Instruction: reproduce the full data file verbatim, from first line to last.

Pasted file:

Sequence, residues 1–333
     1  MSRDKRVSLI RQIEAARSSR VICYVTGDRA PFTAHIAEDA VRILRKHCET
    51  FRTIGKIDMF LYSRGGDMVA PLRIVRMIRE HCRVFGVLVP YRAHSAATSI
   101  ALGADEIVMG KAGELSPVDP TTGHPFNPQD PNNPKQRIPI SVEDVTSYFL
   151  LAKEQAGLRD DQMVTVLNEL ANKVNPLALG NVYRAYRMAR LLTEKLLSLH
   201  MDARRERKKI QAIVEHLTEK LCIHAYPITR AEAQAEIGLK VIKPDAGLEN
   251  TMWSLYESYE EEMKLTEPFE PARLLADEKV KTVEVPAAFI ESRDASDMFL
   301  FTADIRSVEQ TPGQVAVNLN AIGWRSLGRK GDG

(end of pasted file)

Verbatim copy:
Sequence, residues 1–333
     1  MSRDKRVSLI RQIEAARSSR VICYVTGDRA PFTAHIAEDA VRILRKHCET
    51  FRTIGKIDMF LYSRGGDMVA PLRIVRMIRE HCRVFGVLVP YRAHSAATSI
   101  ALGADEIVMG KAGELSPVDP TTGHPFNPQD PNNPKQRIPI SVEDVTSYFL
   151  LAKEQAGLRD DQMVTVLNEL ANKVNPLALG NVYRAYRMAR LLTEKLLSLH
   201  MDARRERKKI QAIVEHLTEK LCIHAYPITR AEAQAEIGLK VIKPDAGLEN
   251  TMWSLYESYE EEMKLTEPFE PARLLADEKV KTVEVPAAFI ESRDASDMFL
   301  FTADIRSVEQ TPGQVAVNLN AIGWRSLGRK GDG